Bush Faces Opposition, Low Public Support for Troop Plan for Iraq
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This is IN THE NEWS in VOA Special English.
President Bush told the American people this week that he plans to send more troops to Iraq. He called the situation there unacceptable and added: "Where mistakes have been made, the responsibility rests with me."
The president spoke Wednesday night from the White House.
Mr. Bush said past efforts to secure Baghdad failed for two main reasons. First, there were not enough Iraqi and American troops to secure areas that had been cleared. Secondly, he said, there were too many restrictions on American forces.
Under the new plan, more than twenty thousand American troops will join the roughly one hundred thirty thousand already in the war. Most will go to Baghdad to help Iraqi forces. Others will go to the most violent area outside the capital, Anbar province in the west. The president called Anbar the home base for al-Qaida in Iraq.
His "New Way Forward" plan also calls for more than one billion dollars in additional economic aid for Iraq.
Mr. Bush has been under pressure to bring American troops home. He says an increase is needed first, to prevent the collapse of the democratically elected Iraqi government. But the newspaper USA Today, for example, found that just twelve percent of the American people support sending more troops.
President Bush said the Iraqi government will deploy Iraqi Army and National Police across Baghdad to support local police. He said he has made it clear to Iraqi leaders that America's presence in Iraq is not open-ended. If the Iraqi government does not follow through on its promises, he said, it will lose the support of the American people.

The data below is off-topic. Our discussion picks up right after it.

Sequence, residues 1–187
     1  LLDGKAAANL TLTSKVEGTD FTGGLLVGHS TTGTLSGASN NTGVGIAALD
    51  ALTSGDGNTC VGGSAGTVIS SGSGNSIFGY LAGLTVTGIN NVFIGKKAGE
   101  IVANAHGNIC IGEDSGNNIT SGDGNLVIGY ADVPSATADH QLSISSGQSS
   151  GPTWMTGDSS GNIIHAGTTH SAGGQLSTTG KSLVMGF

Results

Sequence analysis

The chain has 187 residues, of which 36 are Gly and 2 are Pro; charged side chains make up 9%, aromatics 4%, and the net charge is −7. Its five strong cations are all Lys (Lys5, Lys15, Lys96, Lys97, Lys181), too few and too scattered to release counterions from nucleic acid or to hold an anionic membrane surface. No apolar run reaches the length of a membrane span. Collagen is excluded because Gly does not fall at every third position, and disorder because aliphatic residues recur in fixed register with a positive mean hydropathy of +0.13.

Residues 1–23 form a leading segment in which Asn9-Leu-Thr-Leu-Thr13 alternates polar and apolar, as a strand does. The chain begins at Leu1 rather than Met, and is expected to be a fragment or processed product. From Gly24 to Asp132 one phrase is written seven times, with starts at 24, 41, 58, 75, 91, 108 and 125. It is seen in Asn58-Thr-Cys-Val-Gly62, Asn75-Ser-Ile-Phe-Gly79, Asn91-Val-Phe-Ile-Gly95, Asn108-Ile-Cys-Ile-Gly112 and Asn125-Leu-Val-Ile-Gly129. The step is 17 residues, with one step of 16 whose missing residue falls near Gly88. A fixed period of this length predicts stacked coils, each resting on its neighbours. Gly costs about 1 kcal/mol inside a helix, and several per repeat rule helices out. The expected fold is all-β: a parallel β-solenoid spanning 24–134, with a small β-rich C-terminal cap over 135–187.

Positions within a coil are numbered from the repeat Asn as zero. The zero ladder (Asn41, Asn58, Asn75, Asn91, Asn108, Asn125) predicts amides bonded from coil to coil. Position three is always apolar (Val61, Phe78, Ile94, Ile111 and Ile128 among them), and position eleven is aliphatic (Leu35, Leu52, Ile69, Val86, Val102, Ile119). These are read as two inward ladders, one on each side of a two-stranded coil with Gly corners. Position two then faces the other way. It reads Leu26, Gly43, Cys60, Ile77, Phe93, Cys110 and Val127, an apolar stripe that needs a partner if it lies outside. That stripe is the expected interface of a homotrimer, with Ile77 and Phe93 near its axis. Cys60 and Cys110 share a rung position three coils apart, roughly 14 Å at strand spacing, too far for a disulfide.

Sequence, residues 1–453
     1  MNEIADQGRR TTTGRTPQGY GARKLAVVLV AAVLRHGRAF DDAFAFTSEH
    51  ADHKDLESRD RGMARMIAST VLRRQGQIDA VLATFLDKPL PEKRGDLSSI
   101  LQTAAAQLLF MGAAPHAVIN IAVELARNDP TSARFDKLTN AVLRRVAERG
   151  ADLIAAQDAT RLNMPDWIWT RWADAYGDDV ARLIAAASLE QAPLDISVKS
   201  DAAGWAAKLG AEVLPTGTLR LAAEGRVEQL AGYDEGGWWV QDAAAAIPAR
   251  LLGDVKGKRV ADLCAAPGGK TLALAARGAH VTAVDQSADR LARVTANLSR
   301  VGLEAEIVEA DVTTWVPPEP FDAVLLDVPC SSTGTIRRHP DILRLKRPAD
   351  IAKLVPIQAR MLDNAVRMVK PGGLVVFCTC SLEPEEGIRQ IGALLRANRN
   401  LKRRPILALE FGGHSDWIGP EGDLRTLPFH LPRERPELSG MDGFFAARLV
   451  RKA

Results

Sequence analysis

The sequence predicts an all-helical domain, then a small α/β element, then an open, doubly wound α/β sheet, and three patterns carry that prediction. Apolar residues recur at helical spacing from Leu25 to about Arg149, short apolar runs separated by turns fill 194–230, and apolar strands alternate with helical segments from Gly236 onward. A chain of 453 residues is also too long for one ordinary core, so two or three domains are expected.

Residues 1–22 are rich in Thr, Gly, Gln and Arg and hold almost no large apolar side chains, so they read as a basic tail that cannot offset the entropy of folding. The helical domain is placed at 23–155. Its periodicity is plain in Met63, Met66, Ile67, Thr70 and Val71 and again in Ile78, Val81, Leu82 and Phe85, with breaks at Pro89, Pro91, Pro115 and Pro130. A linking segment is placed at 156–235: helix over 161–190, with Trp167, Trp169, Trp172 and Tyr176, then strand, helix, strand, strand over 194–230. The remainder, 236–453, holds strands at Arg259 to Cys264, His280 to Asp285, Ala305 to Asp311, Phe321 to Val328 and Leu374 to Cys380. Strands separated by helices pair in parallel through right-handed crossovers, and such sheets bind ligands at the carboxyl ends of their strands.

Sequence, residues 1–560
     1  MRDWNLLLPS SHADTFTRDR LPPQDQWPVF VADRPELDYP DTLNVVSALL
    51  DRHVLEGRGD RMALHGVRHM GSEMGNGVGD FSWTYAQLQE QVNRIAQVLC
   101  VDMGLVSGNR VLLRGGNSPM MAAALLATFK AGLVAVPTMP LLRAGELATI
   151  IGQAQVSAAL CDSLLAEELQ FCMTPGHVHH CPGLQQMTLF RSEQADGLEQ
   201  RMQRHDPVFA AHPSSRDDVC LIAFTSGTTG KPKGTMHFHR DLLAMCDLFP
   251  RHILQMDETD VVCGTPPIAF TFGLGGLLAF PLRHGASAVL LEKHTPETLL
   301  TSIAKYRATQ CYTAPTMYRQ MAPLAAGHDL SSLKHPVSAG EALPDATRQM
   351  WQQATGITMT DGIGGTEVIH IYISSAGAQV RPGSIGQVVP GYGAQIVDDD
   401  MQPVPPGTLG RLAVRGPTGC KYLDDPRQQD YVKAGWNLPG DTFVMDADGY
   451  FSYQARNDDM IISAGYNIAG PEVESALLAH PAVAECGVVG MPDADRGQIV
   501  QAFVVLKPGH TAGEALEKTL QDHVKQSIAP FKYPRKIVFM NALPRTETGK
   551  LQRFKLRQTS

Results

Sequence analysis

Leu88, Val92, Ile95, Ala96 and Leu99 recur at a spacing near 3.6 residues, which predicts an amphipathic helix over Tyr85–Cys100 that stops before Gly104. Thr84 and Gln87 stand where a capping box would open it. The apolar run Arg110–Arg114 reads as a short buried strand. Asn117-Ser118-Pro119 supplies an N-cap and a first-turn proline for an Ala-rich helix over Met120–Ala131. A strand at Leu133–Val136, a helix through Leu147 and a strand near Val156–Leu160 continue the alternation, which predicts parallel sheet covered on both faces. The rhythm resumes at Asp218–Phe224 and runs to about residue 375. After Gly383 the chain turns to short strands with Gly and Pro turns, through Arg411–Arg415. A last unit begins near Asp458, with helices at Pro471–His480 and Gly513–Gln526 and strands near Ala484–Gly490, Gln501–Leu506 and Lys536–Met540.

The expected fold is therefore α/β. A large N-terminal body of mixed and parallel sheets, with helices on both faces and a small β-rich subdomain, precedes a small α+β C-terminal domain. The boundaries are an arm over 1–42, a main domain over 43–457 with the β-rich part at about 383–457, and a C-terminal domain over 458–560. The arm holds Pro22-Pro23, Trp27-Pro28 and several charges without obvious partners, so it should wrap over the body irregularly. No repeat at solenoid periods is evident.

He expressed the belief that victory is still possible, in the sense of a democratic Iraq that would serve as an example for the Arab world. He said succeeding in Iraq also requires defending its territory. He said the United States will target what he called the "flow of support" from Iran and Syria for attacks on American forces.
President Bush said American military commanders believe his plan can work. But Senator Dick Durbin, in the Democratic answer to the speech, said the president is ignoring the advice of most of his top generals.
The war was a major cause of the Republican loss of Congress in the November elections. The new Democratic leaders in Congress condemned the troop increase even before Mr. Bush presented it.
They are planning advisory votes in both houses to urge the president not to send more troops. But many Democrats say that is not enough. Some Republicans are also against the plan.
Separately, Defense Secretary Robert Gates announced a plan to increase the Army and Marine Corps by ninety-two thousand troops. The increase, over five years, requires congressional approval. He also announced that some part-time forces will be called to duty for a second time before the usual five-year waiting period.
IN THE NEWS in VOA Special English was written by Brianna Blake. I'm Bob Doughty.